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'No one listened to us': parents demand stronger stance against intolerance in schools

Last Updated Sep 16, 2019 at 10:32 pm PDT

(Kenny Mason, NEWS 1130 Photo)
Summary

This comes almost a year after a student at Lord Byng Secondary posted a video spewing racial slurs and threats

Marie Tate with the BC Community Alliance says they need to be serious about having "zero tolerance"

VANCOUVER (NEWS 1130) —¬†Parents had a lot of concerns to voice at a meeting with the Vancouver School Board over a racist video that was made by a Lord Byng Secondary student last year.

Parents came in with a petition with 800 signatures along with them — demanding stronger policies for tackling intolerance. The meeting went over an hour longer than scheduled.

Sitting around a round table parents talked a lack of clarity around the video targeting a black student last year and the student who made it.

Suzanne Daley, a mother of a student affected says the incident was incredibly mishandled. She says it should have been dealt with in a day if the principal and school administration took the appropriate measures.

“We’re the two families affected. They talk a lot about restorative action in the letters that I’ve received, but both our kids have just left. It has failed both our kids,” she says, adding it took 10 months of letter writing and emails to get the meeting started.

“If another youth seeing that this person got to make a death threat video and come back to the same community then that tells the 20 friends that it’s okay, you can do this, you can make a death threat video. That’s not okay,” she says.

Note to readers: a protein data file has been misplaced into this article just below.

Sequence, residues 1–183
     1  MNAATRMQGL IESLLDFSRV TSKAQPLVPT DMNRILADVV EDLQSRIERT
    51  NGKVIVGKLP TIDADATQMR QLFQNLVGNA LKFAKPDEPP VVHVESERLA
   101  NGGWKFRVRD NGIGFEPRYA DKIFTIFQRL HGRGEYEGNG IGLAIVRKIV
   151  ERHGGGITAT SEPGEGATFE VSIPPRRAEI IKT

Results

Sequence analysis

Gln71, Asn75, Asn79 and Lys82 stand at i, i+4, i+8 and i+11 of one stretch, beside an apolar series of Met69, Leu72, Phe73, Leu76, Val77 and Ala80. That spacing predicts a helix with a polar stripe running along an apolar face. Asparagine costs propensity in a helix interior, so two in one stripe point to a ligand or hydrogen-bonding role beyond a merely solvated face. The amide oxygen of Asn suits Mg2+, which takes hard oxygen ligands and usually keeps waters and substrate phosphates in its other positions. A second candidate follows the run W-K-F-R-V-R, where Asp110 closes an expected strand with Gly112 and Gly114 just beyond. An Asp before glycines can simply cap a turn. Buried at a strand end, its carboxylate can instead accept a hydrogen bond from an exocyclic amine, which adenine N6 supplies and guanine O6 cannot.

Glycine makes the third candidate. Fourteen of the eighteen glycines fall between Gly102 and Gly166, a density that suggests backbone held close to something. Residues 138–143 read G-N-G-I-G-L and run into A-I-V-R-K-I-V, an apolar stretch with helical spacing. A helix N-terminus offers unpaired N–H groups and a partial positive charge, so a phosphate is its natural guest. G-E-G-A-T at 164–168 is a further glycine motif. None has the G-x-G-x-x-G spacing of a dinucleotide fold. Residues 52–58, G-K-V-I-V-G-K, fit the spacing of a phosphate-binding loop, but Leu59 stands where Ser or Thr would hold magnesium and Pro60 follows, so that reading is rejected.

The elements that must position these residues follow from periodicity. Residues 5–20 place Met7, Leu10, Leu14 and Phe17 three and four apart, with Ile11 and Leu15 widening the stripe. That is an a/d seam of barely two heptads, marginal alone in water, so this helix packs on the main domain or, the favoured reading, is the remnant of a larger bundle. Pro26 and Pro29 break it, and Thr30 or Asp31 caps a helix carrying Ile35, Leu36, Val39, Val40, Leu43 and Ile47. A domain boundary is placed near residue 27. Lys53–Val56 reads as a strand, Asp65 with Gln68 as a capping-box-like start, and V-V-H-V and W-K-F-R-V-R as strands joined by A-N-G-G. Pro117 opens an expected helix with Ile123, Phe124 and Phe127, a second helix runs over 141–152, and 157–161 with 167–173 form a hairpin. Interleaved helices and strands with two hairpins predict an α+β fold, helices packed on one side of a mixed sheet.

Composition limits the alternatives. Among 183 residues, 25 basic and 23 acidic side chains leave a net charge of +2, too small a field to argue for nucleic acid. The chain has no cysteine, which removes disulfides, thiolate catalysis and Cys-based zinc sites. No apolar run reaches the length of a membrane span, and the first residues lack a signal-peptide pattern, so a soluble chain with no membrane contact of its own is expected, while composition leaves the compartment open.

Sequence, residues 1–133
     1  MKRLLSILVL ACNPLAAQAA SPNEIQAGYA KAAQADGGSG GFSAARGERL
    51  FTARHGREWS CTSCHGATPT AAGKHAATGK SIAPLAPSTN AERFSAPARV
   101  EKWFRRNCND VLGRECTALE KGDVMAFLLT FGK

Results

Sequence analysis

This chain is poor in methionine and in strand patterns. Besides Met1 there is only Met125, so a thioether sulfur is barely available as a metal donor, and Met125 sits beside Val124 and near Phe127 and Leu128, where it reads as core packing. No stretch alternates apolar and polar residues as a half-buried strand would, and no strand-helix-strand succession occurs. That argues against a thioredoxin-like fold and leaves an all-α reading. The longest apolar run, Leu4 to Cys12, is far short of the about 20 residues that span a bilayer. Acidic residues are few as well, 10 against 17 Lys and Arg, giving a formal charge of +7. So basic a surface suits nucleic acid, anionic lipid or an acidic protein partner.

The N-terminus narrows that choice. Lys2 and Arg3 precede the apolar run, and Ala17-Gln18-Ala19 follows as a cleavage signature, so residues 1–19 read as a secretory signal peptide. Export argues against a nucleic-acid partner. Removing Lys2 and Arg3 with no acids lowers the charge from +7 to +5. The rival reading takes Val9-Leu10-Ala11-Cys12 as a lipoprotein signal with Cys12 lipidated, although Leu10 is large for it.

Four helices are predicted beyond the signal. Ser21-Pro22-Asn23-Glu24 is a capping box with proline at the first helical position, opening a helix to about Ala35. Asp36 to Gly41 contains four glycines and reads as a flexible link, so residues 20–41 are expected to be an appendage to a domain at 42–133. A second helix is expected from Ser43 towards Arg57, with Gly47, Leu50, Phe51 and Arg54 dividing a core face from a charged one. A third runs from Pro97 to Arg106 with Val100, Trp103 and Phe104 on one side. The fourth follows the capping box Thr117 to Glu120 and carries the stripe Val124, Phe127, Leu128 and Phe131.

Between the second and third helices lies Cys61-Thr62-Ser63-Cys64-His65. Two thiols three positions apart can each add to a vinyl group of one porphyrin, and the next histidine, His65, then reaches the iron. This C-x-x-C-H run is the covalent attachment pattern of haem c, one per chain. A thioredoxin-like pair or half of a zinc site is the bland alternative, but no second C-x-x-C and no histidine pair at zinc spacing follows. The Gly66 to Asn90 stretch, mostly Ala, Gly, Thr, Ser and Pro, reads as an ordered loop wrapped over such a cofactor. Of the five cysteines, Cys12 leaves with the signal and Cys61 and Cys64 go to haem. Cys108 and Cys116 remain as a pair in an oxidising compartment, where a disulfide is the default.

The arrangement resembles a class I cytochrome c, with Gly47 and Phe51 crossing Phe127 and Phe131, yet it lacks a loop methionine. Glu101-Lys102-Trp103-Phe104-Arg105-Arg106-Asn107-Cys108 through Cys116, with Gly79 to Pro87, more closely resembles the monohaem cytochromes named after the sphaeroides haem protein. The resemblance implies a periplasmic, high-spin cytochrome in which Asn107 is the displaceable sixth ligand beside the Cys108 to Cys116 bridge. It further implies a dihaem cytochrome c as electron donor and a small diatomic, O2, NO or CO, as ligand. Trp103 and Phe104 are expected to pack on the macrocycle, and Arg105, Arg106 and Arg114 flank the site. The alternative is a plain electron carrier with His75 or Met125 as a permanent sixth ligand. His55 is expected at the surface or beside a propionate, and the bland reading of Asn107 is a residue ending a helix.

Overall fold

Both students who were targeted in the video have no plans to return to the school.

Rita Baboth says her daughter was seriously impacted by the situation.

“We feel like no one listened to us. No one took it as a hate crime, they wanted to call it just a mistake. It’s not, it’s a hate crime,” she says.

Marie Tate with the BC Community Alliance says they need to be serious about having “zero tolerance.”

“Right now it’s very vague, and it doesn’t seem to do much. Because if someone can post a bomb-threat against a whole race of people on social media and come back to the same school that students who feel threatened are still at, that’s not a zero-tolerance policy,” she says.

The School District says they are looking to put measures in place to make students and staff feel safe moving forward and will look to see how they will address racism moving forward, but will not say exactly what steps will be taken.

The District would not comment on the status of the student behind the racist video.